(b) heat treating said first fiber optic bundle with temperature and for a time sufficient to induce relaxation of the draw stress inherent in said polymer optical fibers wherein said first fiber optic bundle is configured and dimensioned so that said polymer optical fibers cooperate with said sleeve member to conform to the available free cross sectional area defined thereby to produce a second fiber optical bundle wherein the fraction of cross section occupied by said polymer optical fibers within said sleeve is higher than the corresponding fraction of said first fiber optic bundle.
13. The method according to claim 12, wherein the softening temperature of said rigid sleeve is at least about 25° C. higher than the softening temperature of said polymer optical fibers.
14. The method according to claim 12, wherein the softening temperature of said rigid sleeve is at least about 50° C. higher than the softening temperature of said polymer optical fibers.
15. The method according to claim 12, wherein said first fiber optic bundle is heat-treated at a temperature of at least about 100° C.
16. The method according to claim 12, wherein said first fiber optic bundle is heat treated at a temperature of at least about 125° C.
17. The method according to claim 13, wherein said first fiber optic bundle is heat treated at a temperature of at least about 150° C.
18. The method according to claim 12, wherein said fibers have been drawn to a draw ratio from about 1:1.5 to about 1:3.
19. The method according to claim 12, whrein said rigid sleeve comprises a metal.
20. The method according to claim 12, wherein said rigid sleeve comprises a semi-crystalline polymeric resin.
The present invention relates generally to optical fiber bundles and more particularly to polymer fiber optic bundles suitable for illumination and display applications.
It is known to fabricate articles including a bundle of polymer optical fibers, for example, as disclosed in U.S. Pat. No. 4,923,268 to Xu. In the '268 patent there is shown and claimed a passive star coupler formed by placing a bundle of polymer optical fibers within a sleeve of shrink tube and melt-fusing the bundle so that an optical signal incident on one or more fibers in the bundle is distributed to all the fibers therein. The shrink tube employed by Xu is made of Teflon® fluoropolymer having a softening point approximating that of the fibers being melt-fused. Star coupler fabrication by this method involves removing the cladding layer of a polymer optical fiber which leads to undesirable optical signal attenuation.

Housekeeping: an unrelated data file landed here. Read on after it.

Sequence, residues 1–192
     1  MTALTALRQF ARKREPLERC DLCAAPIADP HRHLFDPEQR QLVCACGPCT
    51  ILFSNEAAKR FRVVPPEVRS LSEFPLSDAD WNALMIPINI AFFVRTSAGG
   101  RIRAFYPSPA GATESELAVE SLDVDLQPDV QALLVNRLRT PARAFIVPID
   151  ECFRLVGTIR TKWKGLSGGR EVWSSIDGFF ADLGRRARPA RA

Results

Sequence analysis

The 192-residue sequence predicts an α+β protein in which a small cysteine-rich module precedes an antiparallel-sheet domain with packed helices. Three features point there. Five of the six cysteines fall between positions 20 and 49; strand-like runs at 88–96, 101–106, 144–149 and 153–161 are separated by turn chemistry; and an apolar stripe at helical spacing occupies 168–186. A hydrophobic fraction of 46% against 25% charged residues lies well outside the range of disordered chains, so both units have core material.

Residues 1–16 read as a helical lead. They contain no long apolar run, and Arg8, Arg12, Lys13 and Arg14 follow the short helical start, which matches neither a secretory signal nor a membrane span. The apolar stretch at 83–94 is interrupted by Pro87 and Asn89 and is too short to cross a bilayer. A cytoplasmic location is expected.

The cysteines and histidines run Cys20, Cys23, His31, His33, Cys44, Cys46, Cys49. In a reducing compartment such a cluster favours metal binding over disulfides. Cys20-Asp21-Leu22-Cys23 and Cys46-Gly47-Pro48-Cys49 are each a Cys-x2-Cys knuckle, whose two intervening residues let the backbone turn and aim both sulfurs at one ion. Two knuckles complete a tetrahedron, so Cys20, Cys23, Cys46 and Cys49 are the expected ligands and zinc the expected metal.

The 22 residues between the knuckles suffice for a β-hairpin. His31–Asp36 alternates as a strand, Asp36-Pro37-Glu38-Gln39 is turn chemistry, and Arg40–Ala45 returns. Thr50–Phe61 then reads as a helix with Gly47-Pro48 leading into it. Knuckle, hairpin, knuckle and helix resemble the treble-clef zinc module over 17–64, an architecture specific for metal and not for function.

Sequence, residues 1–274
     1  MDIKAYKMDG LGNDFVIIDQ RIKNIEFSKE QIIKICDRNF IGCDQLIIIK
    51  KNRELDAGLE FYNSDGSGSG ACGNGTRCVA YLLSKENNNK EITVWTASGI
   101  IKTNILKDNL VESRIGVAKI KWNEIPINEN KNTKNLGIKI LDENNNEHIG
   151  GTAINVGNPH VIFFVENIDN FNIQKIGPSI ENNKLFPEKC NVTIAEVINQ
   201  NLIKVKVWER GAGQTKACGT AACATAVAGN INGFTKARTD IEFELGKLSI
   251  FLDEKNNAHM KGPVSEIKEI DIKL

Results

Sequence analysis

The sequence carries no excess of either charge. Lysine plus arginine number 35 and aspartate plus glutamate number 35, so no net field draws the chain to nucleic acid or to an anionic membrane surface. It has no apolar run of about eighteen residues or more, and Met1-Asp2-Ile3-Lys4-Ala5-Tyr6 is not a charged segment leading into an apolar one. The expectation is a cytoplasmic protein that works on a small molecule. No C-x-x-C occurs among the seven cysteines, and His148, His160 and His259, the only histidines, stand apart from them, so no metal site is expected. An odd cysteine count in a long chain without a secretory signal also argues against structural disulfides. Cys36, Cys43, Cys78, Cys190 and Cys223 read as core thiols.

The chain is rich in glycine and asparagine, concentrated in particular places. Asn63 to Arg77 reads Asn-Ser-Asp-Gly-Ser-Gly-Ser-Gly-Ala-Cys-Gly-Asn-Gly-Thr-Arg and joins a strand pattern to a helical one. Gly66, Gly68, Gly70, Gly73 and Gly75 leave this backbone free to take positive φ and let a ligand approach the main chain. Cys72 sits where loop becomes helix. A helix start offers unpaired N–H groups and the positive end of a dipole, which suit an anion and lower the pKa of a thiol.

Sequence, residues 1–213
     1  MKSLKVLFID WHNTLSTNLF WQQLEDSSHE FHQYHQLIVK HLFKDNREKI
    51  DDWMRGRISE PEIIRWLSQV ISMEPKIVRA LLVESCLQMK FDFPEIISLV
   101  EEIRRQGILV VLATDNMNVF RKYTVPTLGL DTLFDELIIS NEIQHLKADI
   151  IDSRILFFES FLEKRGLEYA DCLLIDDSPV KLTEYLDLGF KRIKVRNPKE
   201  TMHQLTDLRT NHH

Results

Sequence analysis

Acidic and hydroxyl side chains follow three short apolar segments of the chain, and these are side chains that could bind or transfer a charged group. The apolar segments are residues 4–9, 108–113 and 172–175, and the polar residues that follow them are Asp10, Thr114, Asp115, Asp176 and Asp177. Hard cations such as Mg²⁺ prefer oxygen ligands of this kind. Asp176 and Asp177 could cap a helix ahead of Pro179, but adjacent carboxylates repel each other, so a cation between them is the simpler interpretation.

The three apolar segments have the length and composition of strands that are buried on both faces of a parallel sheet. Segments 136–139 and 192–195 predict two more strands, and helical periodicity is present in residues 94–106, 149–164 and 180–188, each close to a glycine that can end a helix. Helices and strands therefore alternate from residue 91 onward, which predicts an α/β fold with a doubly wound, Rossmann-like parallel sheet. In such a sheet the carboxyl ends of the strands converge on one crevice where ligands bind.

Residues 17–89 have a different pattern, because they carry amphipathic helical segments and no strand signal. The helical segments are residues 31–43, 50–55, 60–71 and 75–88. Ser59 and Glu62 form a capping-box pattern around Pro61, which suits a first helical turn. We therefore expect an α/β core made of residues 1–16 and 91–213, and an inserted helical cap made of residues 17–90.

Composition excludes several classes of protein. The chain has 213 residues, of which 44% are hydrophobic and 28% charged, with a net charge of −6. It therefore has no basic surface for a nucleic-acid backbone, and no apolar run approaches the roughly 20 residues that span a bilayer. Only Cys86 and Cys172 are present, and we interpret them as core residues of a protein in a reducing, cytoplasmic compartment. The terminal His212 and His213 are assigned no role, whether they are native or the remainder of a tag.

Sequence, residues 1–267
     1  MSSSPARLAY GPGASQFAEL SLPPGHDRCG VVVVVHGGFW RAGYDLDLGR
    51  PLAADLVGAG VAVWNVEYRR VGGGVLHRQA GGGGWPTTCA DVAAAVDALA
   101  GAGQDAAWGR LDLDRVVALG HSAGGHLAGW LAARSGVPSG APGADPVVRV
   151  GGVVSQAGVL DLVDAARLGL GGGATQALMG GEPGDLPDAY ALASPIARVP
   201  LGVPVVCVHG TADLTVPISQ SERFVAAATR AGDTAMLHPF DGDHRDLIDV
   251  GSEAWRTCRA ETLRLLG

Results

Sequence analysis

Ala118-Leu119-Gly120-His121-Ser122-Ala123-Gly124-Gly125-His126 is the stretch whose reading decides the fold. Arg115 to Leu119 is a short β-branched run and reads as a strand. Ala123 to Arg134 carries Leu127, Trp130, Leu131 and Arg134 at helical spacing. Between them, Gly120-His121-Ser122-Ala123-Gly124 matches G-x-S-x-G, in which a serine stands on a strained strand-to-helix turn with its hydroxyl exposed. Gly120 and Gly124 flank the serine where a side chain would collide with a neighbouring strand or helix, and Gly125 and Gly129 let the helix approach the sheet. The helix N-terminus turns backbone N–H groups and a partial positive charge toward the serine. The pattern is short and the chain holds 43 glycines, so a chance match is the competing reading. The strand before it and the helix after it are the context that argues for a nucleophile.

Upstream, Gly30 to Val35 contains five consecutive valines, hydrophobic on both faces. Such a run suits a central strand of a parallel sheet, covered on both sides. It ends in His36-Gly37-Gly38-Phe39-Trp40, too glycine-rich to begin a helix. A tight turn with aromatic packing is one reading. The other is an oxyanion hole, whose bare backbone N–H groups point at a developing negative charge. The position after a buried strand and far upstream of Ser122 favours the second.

It is typically desirable to include in illumination and display applications a light conducting element of about 1/2 a centimeter (1/4") or more in diameter. Monolithic devices are typically employed; however, such elements tend to be rigid and accordingly unsuitable for uses where flexibility is needed. Unlike optical star coupling applications, signal mixing is not required in illumination bundles and indeed, removal of cladding is to be avoided in order to reduce optical losses.
It has been found that polymer optical fiber bundles are particularly suitable for illumination applications where flexibility and high optical throughput is required. This is especially true in the case of multi-mode polymer optical fiber with thin cladding layers which have a much larger volumetric core component than glass optical fibers.